Ap­ing the big, there­fore, should be re­stricted to the good ideas – two of which have sur­faced lately in France and Bri­tain.

Se­ri­ously con­cerned about the many dan­gers of plas­tic pol­lu­tion, France has made the firm de­ci­sion to out­law all plas­tic kitchen uten­sils, opt­ing in­stead for more eco­log­i­cal­lyfriendly, bi­o­log­i­cally-sourced ma­te­ri­als.The new law, to come into ef­fect in 2020, is part of an ini­tia­tive called En­ergy Tran­si­tion for Green Growth, France’s con­tri­bu­tion to the fight against cli­mate change. Trust the French to go for the jugu­lar, even if not ev­ery­one in the Euro­pean Union sees it as a pos­i­tive strat­egy: the man­u­fac­tur­ers of plas­tic goods are, pre­dictably, in­censed over the law.

France is not alone in try­ing to go green by cut­ting down on plas­tic. The state of Kar­nataka in In­dia is an­other. In San Fran­cisco, Cal­i­for­nia, the use of plas­tic shop­ping bags and plas­tic bot­tles has been out­lawed, while other coun­tries have fixed charges on most plas­tic bags. Can’t we go the same way?

In the UK, gov­ern­ment min­is­ters want to in­tro­duce plans that would dou­ble the pun­ish­ment for the il­le­gal use of a mo­bile phone while driv­ing. This could mean new drivers would lose their li­cence the first time they are caught us­ing a hand­held phone plus a min­i­mum fine of £200. One text and you’re out. As one com­men­ta­tor put it: “if we are to change the at­ti­tudes of young drivers it has to be that harsh. They are go­ing to have to turn off their phones at the wheel oth­er­wise they will be taken off the road.”

Can’t we go the same way on this, too?

Me­dia malaise

You would think it in­evitable that the small lo­cal me­dia end up act­ing like piti­ful stenog­ra­phers for po­lit­i­cal par­ties, pri­vate in­ter­ests, churches and other stake-hold­ers. He who pays the piper has to call the tune, but for the in­ter­na­tional me­dia to get the malaise – and to make it so ob­vi­ous – is a shock­ing 21st-cen­tury re­al­ity.

There were times when such huge me­dia in­sti­tu­tions and news or­gan­i­sa­tions as the BBC, the Lon­don Times and, more re­cently, CNN and Sky were trusted to of­fer neu­tral views on world is­sues, but not any­more. The ad­vent of Putin’s Rus­sia To­day (RT) has led to an un­savoury sit­u­a­tion where truth is never the in­tended tar­get. Just one soli­tary voice against so many in the West seems to have caused the present predica­ment. The fol­low­ing are two re­cent ex­am­ples:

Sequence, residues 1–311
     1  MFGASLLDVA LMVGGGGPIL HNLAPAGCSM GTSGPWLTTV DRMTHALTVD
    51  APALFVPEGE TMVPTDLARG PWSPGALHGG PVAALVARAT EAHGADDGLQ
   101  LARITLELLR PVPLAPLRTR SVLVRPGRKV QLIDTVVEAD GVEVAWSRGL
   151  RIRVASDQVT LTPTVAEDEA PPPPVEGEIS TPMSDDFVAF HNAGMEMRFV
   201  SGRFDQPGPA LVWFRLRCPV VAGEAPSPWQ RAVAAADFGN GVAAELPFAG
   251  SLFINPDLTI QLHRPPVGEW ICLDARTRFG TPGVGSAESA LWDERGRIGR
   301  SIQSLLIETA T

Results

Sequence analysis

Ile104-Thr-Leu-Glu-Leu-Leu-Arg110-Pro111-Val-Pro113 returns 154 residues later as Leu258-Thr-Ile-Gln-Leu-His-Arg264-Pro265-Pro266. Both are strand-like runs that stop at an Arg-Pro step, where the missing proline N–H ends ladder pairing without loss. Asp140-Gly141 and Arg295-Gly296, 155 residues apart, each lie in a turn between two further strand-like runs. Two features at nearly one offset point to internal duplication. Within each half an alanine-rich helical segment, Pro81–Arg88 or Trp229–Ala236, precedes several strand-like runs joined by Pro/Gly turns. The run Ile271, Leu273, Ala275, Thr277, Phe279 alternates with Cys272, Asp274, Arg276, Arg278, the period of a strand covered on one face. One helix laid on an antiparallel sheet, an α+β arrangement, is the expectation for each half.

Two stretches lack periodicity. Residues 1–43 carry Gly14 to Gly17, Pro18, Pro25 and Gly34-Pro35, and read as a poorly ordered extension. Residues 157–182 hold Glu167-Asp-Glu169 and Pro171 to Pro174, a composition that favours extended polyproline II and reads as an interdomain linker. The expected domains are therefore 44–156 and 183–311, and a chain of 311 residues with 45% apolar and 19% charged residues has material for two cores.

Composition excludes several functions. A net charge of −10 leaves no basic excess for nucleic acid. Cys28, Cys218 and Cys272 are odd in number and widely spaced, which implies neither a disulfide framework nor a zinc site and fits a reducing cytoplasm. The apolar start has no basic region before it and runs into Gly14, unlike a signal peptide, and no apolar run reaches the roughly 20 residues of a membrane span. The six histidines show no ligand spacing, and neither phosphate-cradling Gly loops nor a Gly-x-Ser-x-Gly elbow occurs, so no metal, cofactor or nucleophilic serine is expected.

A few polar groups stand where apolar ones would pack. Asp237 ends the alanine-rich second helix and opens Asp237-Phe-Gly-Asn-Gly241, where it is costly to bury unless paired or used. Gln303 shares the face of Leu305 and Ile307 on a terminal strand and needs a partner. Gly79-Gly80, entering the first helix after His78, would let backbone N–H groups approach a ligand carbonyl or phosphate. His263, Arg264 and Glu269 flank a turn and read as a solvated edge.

The Wash­ing­ton Post, that very great news­pa­per which gave us Water­gate and which, in re­cent years, re­ceived a Pulitzer Prize for its re­port­ing of the NSA leaks sent to it by Ed­ward Snow­den, now in­cred­i­bly says the whistle­blower should not be granted a pres­i­den­tial par­don from US Pres­i­dent Barack Obama.

A re­cent heated ex­change be­tween the Rus­sian and Amer­i­can am­bas­sadors at the United Na­tions saw the US en­voy, Sa­man­tha Power, even tak­ing time to crit­i­cise RT dur­ing a Se­cu­rity Coun­cil meet­ing – this from the rep­re­sen­ta­tive of a coun­try where the main­stream me­dia act like ven­tril­o­quists for the White House and the State Depart­ment every time an RT re­port cov­ers a story they don’t and so get­ting the truth, or a sem­blance of it, to as many peo­ple as pos­si­ble. Why is this just one sta­tion re­ceiv­ing so much po­lit­i­cal at­ten­tion when oth­ers have been at it for decades?

Is it any won­der that Pope Fran­cis has felt he had to come out strongly against jour­nal­ism based on gos­sip? He was, of course, re­fer­ring to sev­eral press­ing is­sues af­fect­ing the world – par­tic­u­larly the cov­er­age of the mi­grant cri­sis in the wake of the wars in Syria, the Ye­men, Iraq and Afghanistan. His in­sis­tence that jour­nal­ism should not be a “weapon of de­struc­tion against per­sons and even en­tire peo­ples” strikes a chord in each and every one of us in the me­dia.

Ac­cord­ing to the Pon­tiff, jour­nal­ism should not be about what you be­lieve, but about be­ing hon­est, and never go­ing ahead with a story if you know it to be false.